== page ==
Traitor (2008) dir. Jeffrey Nachmanoff
Starring: Don Cheade, Guy Pearce, Said Taghmaoui, Neal McDonough, Jeff Daniels
Combine the Bourne series with "The Departed" and a hint of “Day of the Jackel” do it on half the budget and you have this decent the international thriller – “The Traitor”.
Don Cheadle is Samir Horn, an American born in Sudan, who we first see selling weapons to a terrorist group. When the deal is monitored and taken down by FBI agents, Samir comes face-to-face with his adversary early. Roy Clayton (Guy Pearce) is a tough as nails jet-setting agent, someone who uses his wits more than his fists or his gun to get the job done. Roy is sent to prison, and while inside he connects with a muslim terrorist Omar (Said Taghmaoui). Together they escape from prison and begin a mission of jihad against America.
It’s doesn’t take long for Roy to pick up Samir’s trail and by using intelligence gathering, surveillance and all the wonderful technological tools at his disposal it’s a race to find Samir and his terrorist cell before the U.S. is hit with another colossal tragedy.
From it’s singular concept, “Traitor” was fighting an unhill but not unworthy battle. “Traitor” is built around the character of Samir, played with typical integrity by Don Cheadle. He’s a devout Muslim, torn between his allegiances to his country of birth Sudan, his adopted country he grew up in, the United States, and his religion. In a flashback we see his parents get killed in some kind of attack. We assume it might have been an American attack, because in the present he’s become a morally ambiguous mercenary, working for ‘the other side’. Yet, Samir is honourable and devoted to abiding by the righteous doctrines of his religion.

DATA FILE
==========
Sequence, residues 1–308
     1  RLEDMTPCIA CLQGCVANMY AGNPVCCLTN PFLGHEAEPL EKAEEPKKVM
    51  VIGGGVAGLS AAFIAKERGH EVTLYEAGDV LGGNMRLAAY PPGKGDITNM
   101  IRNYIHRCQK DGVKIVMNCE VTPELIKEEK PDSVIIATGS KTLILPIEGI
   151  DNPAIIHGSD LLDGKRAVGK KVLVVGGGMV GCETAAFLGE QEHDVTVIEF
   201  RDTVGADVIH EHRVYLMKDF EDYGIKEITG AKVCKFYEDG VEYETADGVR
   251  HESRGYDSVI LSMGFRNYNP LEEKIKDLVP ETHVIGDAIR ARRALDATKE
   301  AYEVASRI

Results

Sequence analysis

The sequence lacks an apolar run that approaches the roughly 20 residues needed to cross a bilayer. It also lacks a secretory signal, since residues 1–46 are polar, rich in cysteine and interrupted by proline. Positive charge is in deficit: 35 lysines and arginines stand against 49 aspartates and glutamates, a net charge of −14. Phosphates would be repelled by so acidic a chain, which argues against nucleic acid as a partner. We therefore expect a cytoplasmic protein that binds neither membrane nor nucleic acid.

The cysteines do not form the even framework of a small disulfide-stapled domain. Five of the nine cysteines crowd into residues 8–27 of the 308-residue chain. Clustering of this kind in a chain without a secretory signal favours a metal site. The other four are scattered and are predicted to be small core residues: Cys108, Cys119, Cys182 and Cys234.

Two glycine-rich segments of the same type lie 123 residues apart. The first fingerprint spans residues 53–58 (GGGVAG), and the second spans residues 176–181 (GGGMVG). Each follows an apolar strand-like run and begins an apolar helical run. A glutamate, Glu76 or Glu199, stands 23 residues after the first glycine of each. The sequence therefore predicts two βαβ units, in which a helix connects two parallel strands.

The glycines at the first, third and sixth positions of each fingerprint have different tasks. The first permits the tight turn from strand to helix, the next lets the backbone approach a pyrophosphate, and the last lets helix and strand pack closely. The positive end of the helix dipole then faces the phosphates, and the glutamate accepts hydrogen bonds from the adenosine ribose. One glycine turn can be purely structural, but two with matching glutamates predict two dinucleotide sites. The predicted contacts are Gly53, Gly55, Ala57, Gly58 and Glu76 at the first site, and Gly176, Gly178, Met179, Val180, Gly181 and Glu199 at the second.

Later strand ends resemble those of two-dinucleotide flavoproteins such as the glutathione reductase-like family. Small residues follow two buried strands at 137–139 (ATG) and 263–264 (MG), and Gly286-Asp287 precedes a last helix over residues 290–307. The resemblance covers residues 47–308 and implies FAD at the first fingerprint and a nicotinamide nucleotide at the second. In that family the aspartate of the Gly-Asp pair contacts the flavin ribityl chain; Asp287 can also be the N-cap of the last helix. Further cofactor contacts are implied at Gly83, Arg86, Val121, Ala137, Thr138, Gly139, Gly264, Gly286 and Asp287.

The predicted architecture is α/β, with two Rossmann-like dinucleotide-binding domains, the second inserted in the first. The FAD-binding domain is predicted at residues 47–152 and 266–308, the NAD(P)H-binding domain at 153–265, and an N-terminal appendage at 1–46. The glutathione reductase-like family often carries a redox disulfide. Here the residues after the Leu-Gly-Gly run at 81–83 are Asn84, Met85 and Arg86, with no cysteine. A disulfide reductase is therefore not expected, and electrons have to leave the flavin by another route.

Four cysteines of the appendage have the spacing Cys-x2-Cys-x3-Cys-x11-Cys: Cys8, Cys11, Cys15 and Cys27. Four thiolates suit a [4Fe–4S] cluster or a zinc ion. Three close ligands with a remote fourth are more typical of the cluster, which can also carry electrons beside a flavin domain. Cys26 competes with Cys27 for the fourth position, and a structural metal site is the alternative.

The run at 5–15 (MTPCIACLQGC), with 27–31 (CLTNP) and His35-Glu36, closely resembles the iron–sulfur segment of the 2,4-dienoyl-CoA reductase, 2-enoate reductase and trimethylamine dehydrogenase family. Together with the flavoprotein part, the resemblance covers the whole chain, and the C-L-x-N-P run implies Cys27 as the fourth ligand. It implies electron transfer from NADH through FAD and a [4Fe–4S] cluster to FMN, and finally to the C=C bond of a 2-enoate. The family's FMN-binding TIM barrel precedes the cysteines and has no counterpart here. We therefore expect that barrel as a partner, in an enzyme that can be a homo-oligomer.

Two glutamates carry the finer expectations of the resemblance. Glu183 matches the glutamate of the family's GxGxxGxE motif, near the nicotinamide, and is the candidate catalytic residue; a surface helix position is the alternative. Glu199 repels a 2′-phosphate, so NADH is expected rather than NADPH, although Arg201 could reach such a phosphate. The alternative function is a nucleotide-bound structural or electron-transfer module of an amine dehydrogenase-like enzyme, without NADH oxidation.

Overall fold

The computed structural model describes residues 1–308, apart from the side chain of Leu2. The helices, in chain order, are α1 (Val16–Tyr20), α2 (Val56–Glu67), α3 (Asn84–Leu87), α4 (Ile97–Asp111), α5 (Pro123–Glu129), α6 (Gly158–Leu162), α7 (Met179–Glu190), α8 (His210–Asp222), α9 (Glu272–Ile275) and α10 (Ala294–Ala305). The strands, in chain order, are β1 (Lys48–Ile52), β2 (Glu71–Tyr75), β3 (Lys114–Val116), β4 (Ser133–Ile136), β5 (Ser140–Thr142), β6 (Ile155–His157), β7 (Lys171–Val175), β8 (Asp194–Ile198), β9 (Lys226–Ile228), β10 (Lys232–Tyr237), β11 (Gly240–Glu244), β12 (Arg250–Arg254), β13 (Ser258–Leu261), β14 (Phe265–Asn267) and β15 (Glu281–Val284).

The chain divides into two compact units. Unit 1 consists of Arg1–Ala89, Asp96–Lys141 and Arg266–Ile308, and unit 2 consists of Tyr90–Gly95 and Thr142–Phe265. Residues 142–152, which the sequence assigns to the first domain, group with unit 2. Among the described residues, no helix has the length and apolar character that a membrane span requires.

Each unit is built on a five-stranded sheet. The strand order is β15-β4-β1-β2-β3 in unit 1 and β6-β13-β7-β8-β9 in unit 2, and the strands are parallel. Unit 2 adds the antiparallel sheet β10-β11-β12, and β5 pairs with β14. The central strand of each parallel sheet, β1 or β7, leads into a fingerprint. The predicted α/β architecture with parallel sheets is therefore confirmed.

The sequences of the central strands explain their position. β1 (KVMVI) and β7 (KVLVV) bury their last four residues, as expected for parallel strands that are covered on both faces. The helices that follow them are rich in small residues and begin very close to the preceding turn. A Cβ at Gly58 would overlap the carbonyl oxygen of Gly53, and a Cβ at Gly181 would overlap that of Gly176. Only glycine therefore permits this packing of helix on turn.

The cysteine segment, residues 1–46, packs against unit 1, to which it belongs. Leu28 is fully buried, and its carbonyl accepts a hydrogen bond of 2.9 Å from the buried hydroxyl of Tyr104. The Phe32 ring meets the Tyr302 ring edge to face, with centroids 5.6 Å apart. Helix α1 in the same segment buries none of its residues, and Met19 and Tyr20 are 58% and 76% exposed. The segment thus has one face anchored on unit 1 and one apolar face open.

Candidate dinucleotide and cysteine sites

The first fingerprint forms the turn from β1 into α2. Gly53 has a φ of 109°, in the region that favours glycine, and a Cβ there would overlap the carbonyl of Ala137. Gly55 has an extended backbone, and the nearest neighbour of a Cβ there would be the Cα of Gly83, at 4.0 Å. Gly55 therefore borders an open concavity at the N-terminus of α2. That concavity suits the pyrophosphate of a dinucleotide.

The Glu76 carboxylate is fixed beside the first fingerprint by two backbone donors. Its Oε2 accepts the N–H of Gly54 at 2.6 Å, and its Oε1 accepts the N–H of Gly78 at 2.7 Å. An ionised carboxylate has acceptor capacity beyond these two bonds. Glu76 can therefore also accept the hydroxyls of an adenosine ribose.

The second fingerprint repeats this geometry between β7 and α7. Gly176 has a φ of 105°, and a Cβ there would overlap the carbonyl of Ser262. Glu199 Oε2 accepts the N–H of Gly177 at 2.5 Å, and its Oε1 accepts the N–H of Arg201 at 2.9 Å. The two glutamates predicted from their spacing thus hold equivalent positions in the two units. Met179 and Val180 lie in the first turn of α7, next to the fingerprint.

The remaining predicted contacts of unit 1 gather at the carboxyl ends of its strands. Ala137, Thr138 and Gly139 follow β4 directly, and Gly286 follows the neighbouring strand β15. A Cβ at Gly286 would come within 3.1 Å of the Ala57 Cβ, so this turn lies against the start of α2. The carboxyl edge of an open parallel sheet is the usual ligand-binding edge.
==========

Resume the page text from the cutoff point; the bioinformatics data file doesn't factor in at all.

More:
Why would an audience want to root for a terrorist? As the film progresses, Samir’s demeanour suggests he may not be what he seems. A clever plot turn occurs which is not unexpected but one which enlightens these ambiguities. But since films about the Middle East and the war on terror never ever succeed it doesn’t relieve the work the film needs to do to win it’s audience.
But whether it wins its audience or not doesn’t really matter, Nachmanoff succeeds in pushing us deep into the story to care for Samir. The character film takes on the face of a thriller with a few actions scenes, some explosions and good deal of global hopping. In fact, the shear number of locations the film moves through may break some kind of record – in 100mins we see: Washington, Chicago, Madrid, Toronto, Halifax, London, Marseilles, Yemen, Afghanistan and more.
It’s probably three or four places too many, and it seems like an effort to over compensate for a lack of traditional action set pieces the thriller genre demands. But do we really need to see another Bourne rip-off? So instead of falling into the trap of a high concept thriller like “Vantage Point”, or relying on eye-ball crunching action like “Quantum of Solace” the characters of “Traitor” are refreshing.
At the film's heart is the moral dilemma of Samir to do what is right for his country and what it right for him as a devout person. Chess is a frequent metaphor for this dilemma and so the idea of sacrificing pawns to win the game causes much internal conflict.
“Traitor” continually weighs it’s standard cat-and-mouse international pulp thriller ingredients with Cheadle’s internal conflict which is taken very seriously. The latter wins out, which saved the film from what should have been a straight-to-DVD release. Enjoy.
“Traitor” is available on DVD from Alliance Films in Canada